Following P. gingivalis biofilm formation, each titanium disc with 2-day-old biofilm was washed three times with PBS and transferred into a new 24-well plate. BHI containing Pac-525 peptide at concentrations of 0.125 mg/mL, 0.25 mg/mL, and 0.5 mg/mL (equal to the multiple proportions of MBC) was added into the wells and was further aerobically incubated at 37°C for 24 h. BHI without Pac-525 peptide served as a negative control, and 0.1% CHX served as a positive control. To ascertain the viability of P. gingivalis biofilms, cells were stained using a LIVE/DEAD BacLight Bacterial Viability Kit (L-13152; Molecular Probes Inc., Eugene, OR) for 20 min in the dark. Live bacteria were stained with SYTO 9 to emit a green fluorescence signal, and dead bacteria were stained with propidium iodide to produce red fluorescence. Confocal laser scanning microscopy (CLSM, Leica TCS SP2; Leica Microsystems, Germany) with beam path settings (488 nm and 543 nm) was used to observe the stained biofilm on the titanium discs. Three independent biofilm experiments were performed, and at least three image stacks per experiment were collected.

2.6. Statistical Analysis

Statistical analyses were performed using the SPSS 17.0 package. For the cell proliferation curve, OD490 values were compared using the t-test for independent samples. In the evaluation of biofilm formation, biofilm thickness and live bacteria percentage of P. gingivalis were compared using one-way analysis of variance (ANOVA). A value of <0.05 was considered statistically significant.

3. Results

3.1. MTT Analysis of MG-63 Cells

Figure 2 shows the average cell proliferation curve, with the concentration of AMPs on the -axis and OD values on the -axis. Compared with the untreated group, the absorbance values for each well (treated with Pac-525, KSL-W, or KSL) were similar for each concentration. There was no statistical difference between the AMP-treated group and the untreated group and no statistical difference among the eight concentrations of AMPs.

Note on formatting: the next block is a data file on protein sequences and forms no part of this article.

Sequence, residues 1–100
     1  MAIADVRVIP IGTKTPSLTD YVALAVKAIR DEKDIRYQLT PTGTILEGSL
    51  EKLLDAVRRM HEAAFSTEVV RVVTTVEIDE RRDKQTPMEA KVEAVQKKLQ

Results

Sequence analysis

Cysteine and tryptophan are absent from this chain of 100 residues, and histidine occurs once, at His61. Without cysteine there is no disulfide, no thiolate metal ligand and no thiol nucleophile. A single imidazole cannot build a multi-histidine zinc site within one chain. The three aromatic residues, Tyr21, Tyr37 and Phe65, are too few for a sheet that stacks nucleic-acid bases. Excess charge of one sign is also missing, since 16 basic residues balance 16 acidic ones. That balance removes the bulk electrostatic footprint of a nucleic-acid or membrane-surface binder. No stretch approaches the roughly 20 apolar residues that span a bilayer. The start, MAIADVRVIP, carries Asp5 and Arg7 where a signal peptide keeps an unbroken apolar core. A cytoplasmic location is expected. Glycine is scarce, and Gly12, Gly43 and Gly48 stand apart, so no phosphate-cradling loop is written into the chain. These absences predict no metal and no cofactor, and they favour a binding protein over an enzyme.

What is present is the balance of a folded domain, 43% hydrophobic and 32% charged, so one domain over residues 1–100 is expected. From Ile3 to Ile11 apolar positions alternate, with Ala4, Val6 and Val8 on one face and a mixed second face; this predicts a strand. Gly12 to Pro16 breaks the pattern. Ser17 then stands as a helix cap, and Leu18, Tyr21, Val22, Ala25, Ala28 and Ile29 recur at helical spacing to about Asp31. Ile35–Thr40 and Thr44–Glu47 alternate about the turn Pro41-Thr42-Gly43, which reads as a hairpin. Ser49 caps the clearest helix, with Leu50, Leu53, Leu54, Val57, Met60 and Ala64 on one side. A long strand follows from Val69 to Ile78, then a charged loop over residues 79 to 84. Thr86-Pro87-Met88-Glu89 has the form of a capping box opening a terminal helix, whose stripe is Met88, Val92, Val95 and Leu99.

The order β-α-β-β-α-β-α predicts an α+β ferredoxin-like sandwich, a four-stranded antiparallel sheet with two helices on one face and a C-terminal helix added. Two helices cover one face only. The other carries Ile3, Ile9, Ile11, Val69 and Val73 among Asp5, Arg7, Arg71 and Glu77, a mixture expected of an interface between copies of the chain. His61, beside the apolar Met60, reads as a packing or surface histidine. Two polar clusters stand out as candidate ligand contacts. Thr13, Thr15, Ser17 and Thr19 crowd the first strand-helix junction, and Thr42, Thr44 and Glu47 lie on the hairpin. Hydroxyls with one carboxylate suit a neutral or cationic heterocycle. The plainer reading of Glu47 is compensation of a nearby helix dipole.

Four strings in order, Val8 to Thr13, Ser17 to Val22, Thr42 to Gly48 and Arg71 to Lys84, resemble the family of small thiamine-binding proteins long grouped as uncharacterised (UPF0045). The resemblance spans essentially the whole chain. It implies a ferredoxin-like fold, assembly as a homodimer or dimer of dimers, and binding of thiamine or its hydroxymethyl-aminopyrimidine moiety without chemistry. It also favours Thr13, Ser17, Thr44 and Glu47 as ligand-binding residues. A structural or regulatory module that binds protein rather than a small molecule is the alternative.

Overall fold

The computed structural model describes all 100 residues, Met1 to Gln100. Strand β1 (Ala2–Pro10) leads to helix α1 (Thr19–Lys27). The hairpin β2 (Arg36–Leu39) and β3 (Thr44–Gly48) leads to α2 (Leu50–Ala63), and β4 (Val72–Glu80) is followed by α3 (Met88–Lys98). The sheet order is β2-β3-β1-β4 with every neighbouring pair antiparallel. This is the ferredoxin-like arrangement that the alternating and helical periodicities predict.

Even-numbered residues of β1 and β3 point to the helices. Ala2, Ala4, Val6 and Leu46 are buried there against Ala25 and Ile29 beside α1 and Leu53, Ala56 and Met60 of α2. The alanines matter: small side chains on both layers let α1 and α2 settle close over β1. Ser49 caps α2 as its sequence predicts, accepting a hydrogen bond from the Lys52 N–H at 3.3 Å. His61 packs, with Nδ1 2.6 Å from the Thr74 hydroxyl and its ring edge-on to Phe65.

3.2. Minimum Inhibitory Concentrations and Minimum Bactericidal Concentrations of AMPs against S. sanguis, F. nucleatum, and P. gingivalis

MIC and MBC recorded for the three antibacterial peptides against planktonic bacteria of S. sanguis, F. nucleatum, and P. gingivalis are summarized in Table 1. Amongst the tested bacterial strains, S. sanguis was susceptible to Pac-525, with a MIC value of 0.125 mg/mL and a MBC value of 0.5 mg/mL, whereas it was insensitive to KSL-W and KSL within the range of tested concentrations. The MIC value of Pac-525 was the lowest: 0.0625 mg/mL for P. gingivalis and 0.0078 mg/mL for F. nucleatum. Similarly, the MBC value of Pac-525 was the lowest, with 0.125 mg/mL for P. gingivalis, and 0.0156 mg/mL for F. nucleatum.

Bacterial strainAMPs
AMPs concentration (mg/mL)a

S. sanguis 105560.1250.5
F. nucleatum 109530.00780.01560.01560.03130.01560.0313
P. gingivalis 332770.06250.1250.1250.50.1250.5

Values represent the geometric mean of three individual experiments.
3.3. The Effects of Pac-525 Peptide on P. gingivalis Biofilm

P. gingivalis suspension formed an intact mature biofilm on the titanium surfaces after anaerobic incubation for 48 h. The bacterial cells in the biofilm were uniformly distributed, closely packed, and had channels connecting each other (Figure 3).